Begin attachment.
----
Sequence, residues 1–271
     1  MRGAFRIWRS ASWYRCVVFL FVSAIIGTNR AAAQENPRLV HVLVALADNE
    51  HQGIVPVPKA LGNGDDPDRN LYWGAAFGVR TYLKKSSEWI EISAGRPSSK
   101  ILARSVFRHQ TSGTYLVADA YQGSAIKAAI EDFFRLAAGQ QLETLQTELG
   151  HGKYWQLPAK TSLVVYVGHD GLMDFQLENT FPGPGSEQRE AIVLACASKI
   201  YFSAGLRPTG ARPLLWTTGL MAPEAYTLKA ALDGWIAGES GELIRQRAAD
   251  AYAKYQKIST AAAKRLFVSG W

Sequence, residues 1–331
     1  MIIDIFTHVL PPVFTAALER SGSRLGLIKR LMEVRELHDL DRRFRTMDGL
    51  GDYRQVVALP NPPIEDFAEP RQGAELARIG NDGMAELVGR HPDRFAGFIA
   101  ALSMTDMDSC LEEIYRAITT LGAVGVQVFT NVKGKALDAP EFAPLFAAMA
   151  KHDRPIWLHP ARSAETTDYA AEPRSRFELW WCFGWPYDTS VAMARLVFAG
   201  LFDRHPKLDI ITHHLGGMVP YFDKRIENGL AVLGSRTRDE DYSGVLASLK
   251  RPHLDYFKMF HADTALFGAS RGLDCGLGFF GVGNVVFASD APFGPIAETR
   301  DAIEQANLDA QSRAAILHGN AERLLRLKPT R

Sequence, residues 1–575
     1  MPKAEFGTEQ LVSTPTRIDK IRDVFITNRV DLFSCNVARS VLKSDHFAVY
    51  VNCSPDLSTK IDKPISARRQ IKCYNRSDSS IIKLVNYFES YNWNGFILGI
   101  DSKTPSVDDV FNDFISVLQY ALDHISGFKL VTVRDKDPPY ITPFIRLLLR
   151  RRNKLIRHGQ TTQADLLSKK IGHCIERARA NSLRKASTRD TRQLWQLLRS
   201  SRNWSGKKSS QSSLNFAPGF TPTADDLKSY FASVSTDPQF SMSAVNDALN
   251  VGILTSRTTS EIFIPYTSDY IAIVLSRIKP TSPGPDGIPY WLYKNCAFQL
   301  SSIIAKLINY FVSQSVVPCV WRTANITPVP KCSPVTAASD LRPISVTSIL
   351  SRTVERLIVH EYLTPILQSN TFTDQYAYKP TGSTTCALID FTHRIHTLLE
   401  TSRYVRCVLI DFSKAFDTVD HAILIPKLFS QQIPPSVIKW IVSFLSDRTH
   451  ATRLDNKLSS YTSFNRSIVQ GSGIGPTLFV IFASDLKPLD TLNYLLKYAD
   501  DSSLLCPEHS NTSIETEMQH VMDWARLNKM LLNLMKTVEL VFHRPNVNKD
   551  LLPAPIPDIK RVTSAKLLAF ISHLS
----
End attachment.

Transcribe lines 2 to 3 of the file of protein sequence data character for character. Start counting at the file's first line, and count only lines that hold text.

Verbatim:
     1  MRGAFRIWRS ASWYRCVVFL FVSAIIGTNR AAAQENPRLV HVLVALADNE
    51  HQGIVPVPKA LGNGDDPDRN LYWGAAFGVR TYLKKSSEWI EISAGRPSSK